Why should I RSVP?

The fall months for our family seem to be the busiest.  There are a number of family members with birthdays during this time and a lot of the friends we have seem to have kids with the same trends causing September through December to be complete chaos.

I thought I'd share my reasons to RSVP according to The Johanson Journey.  First a little background.  As a youngster, I was very big into being a pen pal with friends in other states that I met along the way and writing back was very important to me, perhaps for selfish reasons: I wanted a letter back too! When I was graduating from high school, I took more note of what was proper, especially since I was sending out Thank-you's to family and friends for any gifts they sent.  I bought a book, this exact book in fact:

I was flipping through this book all of the time for tips and there are so many chapters that I started realize etiquette was not just for "How or When to send a Thankyou note".

This brings me to my TOP 5 Reasons to RSVP with children parties in mind:

1} Courtesy/Respect:  The person inviting you to their party took the time to buy an invite (maybe even have one made) & send it to you.  Its just a courtesy to acknowledge it.  There are some who make it very easy for you giving the option to only respond if you are NOT coming.  I think having an email address for the RSVP is also nice for those who might feel weird about calling.
2} Financial Understanding: As a mom of 3, I have thrown and been to my fair share of parties.  They are not cheap.  There is so much riding on the number of people who are coming that can help you pin point how much cake to buy, whether you need to go for the room that holds 25 rather than the smaller room for only 10.  Then there are the favors.  Yes, this may seem silly to most but favors are a huge hit with kids. My kids LOVE getting favors from other parties and as the host, you want to be sure you have purchased enough or made enough for everyone.  It would be sad to think that you spent all this money expecting 25 people to show up and 10 of them didn't respond at all, you still have to account for them "just incase".  This always brings me back to my first tip. Or what if only 10 RSVP and 25 show up and you didn't plan for them, you are short-handed drinks, food, favors and the list goes on.
3} Building a Relationship:  There are times when my son has been invited to a party for a friend of his that  I've never met their parents, or had the chance to even get to know the other child.  By calling to RSVP, it gives you the chance to "hit it off" before the party even starts.  Get acquainted and find out if there is a gift needed or whether the child needs or wants something in particular.  
4} Expecations This may not seem like a big deal and its something you can easily get over, but for the sake of RSVP'ing, lets say this is for a child's party.  When I get a "YES!" from a parent that a child will be attending our party, I share this with my children.  They get excited knowing that "Jane" is coming and nothing is worse than having to explain to the child later why "Jane" never showed up.  Disappointment for a child is huge.  {true story: I was new to a school in 2nd grade and invited the whole class + new neighbor friends.  The party decor was out, the cake was ready and NO one showed up.  Its over 20 years later and I'll never forget that disappointment}.  Nothing hurts worse than having building excitement break your heart or worse, your child's.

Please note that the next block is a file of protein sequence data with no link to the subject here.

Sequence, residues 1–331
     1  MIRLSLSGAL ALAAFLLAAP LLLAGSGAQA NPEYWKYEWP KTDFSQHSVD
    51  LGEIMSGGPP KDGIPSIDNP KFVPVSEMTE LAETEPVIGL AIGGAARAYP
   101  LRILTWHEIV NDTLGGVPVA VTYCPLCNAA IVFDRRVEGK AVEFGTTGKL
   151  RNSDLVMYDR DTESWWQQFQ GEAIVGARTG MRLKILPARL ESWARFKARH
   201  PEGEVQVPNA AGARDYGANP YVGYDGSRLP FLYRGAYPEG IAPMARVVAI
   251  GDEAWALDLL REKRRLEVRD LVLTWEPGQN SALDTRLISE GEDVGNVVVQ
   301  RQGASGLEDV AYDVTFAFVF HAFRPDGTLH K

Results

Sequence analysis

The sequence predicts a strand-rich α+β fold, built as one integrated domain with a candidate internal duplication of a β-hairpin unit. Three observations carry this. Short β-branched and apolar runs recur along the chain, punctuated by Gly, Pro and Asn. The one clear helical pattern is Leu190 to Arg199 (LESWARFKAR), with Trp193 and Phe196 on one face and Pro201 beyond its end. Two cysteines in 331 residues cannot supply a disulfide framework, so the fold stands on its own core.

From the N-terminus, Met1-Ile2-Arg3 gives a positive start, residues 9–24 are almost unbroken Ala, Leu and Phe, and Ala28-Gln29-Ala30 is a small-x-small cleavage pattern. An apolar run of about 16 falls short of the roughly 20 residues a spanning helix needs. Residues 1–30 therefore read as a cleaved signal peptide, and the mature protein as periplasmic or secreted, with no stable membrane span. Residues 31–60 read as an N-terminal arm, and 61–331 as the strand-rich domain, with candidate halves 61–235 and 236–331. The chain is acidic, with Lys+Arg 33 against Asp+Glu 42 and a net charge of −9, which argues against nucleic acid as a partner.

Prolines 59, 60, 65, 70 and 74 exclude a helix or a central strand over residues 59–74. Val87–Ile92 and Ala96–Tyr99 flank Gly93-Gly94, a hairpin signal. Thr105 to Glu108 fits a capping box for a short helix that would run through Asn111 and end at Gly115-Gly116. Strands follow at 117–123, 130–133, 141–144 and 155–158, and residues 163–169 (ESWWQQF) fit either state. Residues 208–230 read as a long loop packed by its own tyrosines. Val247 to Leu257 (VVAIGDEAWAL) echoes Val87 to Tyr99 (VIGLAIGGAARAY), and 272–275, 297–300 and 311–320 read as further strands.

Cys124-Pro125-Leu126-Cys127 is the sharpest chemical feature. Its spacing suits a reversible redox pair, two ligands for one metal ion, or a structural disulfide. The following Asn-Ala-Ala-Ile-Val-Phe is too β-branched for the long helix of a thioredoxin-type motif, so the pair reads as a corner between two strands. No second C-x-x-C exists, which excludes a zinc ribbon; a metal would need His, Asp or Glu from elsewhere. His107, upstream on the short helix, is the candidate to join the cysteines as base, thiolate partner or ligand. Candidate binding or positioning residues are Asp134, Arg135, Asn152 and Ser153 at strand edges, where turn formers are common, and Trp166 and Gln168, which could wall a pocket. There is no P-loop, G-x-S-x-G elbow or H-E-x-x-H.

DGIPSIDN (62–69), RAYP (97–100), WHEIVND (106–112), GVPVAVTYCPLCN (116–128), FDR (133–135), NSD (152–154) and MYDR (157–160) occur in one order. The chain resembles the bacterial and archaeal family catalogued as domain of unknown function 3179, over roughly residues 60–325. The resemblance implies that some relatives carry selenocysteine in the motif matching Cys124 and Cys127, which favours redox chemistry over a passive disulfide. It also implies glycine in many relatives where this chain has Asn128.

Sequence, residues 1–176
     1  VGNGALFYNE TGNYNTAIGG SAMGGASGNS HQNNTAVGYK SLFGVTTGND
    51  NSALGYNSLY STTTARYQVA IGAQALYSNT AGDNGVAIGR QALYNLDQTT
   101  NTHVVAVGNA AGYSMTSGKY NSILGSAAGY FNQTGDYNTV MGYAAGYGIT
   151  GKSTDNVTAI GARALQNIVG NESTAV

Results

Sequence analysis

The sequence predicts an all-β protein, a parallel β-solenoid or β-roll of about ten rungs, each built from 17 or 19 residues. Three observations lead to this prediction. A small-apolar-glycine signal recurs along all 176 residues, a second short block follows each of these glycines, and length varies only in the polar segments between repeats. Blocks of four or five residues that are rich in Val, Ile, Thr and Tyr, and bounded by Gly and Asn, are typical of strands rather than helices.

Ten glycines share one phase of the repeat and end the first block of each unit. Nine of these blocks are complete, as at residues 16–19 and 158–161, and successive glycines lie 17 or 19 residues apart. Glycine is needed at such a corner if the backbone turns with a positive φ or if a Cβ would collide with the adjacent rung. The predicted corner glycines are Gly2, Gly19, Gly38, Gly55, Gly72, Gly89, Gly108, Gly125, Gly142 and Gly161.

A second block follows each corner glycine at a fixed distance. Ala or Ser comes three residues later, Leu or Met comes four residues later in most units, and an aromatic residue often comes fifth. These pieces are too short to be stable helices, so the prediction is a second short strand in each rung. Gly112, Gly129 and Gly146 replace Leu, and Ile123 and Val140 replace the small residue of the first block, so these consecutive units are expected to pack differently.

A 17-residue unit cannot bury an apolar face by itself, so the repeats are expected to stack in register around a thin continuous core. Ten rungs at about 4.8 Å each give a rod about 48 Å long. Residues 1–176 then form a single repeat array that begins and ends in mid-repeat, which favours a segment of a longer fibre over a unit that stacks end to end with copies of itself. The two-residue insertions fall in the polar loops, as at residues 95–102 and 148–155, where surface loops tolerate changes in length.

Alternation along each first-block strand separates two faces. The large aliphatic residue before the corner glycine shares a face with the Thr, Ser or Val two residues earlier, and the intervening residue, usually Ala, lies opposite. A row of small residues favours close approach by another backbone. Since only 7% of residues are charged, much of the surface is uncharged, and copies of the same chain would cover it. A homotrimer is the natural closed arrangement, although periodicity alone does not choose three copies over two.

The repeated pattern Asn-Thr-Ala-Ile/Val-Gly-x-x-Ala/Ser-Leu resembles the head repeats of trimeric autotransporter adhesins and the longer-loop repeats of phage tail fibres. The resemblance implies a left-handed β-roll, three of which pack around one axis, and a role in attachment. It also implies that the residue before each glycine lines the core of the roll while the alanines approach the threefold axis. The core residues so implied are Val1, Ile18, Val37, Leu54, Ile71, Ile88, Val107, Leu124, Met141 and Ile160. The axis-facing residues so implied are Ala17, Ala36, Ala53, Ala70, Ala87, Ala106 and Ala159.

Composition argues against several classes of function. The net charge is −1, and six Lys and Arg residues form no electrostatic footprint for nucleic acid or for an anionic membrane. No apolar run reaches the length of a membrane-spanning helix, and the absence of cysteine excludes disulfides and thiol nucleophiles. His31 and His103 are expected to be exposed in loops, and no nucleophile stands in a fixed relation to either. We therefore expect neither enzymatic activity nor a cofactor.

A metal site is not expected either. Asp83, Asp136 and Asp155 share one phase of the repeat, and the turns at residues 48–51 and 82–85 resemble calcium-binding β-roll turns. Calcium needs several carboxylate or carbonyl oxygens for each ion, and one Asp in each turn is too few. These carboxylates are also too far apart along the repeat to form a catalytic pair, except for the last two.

5} Etiquette says so! I know that might sound rude, but lets's face it.  Technology has gotten the best of us.  We don't use snail mail much anymore, we email, text or just send a message via facebook.  Etiquette was developed for a reason and I really hate to see something that was based on kindness and respect for others die off in our society.  No matter what the event or party invitation you get, consider it an honor to be thought of and happy that someone wants you to be apart of their special day.  It's sad that something as simple as saying yes or no can be so difficult and inconvenient.  It really is simple.  
Happy RSVP'ing!
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Nicole said...

Now I have to admit, I always thought if you RSVP'ed to something, that meant call them and tell them you're coming. I learned a few years ago that in fact telling them you won't make it is also RSVP'ing.

Anonymous said...

I do try to RSVP when I can. Sometimes I don't know if we'll be able to make it to something until the day before and then I don't.

I get huge anxiety calling parents in Lexie's class that I don't know who have invited her to a party. Instead, I just tell Lexie to tell her friend that she will or won't be coming. :o) Does that count?

Am I Really Grown Up? said...

This is one of my pet peeves. That along with people that say yes and then last minute call back and say they can't come anymore. I have a handful of relatives that will do this if they come up with a "better" party to go to.

Mrs. Match said...

This is my #1 pet peeve in the world! Why can't people just respond? It's not that hard. I feel like you nailed it. It's that people just don't have respect for one another anymore. Technology has replaced manners, and it's just plain sad. You would think it'd be easy-since email and text is instant. But even that seems to be too much trouble for some. Sigh...